Tools of the trade
Despite New Zealand’s small size and geographical isolation, Master of International Trade student Hannah Jacobi thinks it can be a world leader in trade.
4 October 2017
"We’re always going to be limited by our scale but there are so many New Zealanders who have shown leadership in international trade—from Helen Clark to Mike Moore and Alan Bollard, the Executive Director of APEC,” says Hannah. “Other countries look to us for our expertise and the knowledge we hold.”
Hannah is set to continue this tradition as she builds on her undergraduate studies in Law, French and International Relations.
After graduating from Victoria in 2016 with a Bachelor of Laws and Bachelor of Arts, Hannah worked for a year in the public sector before deciding to upskill. She says the strong focus on international trade was what attracted her to the course.
“There are a lot of Master’s courses out there in International Relations or Politics, but I was really keen on doing something that focused on trade given its importance to New Zealand.
“The Master of International Trade is the first degree in Australasia that’s solely focused on trade, so there was no question that I would study at Victoria.”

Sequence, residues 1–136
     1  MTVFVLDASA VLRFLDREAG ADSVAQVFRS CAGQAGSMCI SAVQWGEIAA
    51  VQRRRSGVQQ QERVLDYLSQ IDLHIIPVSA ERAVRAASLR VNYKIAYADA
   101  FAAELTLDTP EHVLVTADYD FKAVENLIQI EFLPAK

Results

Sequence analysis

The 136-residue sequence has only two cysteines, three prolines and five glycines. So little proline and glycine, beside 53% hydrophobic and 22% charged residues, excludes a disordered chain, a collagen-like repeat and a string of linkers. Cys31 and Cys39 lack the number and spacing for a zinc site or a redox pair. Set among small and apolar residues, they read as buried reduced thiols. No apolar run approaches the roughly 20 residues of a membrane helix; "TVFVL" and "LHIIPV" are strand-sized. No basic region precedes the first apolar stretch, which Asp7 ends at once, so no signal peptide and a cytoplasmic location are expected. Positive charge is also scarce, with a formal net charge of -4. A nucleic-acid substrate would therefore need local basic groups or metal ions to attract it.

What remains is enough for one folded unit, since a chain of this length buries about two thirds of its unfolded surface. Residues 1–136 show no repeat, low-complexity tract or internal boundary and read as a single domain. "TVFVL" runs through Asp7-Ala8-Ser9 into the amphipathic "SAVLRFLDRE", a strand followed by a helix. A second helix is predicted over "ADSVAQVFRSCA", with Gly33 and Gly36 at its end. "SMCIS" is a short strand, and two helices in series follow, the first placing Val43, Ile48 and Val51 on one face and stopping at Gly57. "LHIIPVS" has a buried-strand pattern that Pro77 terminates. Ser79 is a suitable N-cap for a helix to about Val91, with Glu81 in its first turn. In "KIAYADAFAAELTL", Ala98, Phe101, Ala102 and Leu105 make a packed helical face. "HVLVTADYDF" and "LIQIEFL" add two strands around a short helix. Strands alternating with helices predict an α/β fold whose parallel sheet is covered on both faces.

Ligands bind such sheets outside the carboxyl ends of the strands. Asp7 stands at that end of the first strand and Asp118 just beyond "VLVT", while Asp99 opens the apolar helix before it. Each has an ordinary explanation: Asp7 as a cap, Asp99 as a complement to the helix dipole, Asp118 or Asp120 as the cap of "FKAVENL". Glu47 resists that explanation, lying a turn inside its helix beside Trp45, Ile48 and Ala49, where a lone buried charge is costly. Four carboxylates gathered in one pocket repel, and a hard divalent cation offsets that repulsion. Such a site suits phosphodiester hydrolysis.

The taught Master’s is multidisciplinary and includes courses from Victoria Business School, the Faculty of Law and the Faculty of Humanities and Social Sciences. Hannah says she enjoys the variety of topics and guest speakers.
“We have different guest lecturers pretty much every week, so we’re challenged to think about trade from a lot of different angles.
“Also being in Wellington, with its proximity to government, is really exciting—it’s a hub for trade policy. In the course we’ve heard from people who are working in government as well as people from the private sector—which is something that you might not get elsewhere.”
She says a highlight of the course so far has been a lecture from Dr Maria Bargh, Head of School of Te Kawa a Māui/the School of Māori Studies, who spoke about trade from a Māori perspective.
Hannah is doing the Master’s part-time while working in a public sector trade policy role, and she values how the course accommodates her working life. “It’s really well suited to people who are working. The timetable is convenient and the fact that it’s a taught Master’s works well with doing it part-time.”
Despite current tensions in the global political climate, Hannah sees exciting opportunities for New Zealand’s future in trade.
“It’s definitely been an interesting year to be studying these issues. I think in New Zealand, we need to continue to show leadership in the Asia-Pacific region and be advocates for a rules-based trading system.”
Find out more about the Master of International Trade here.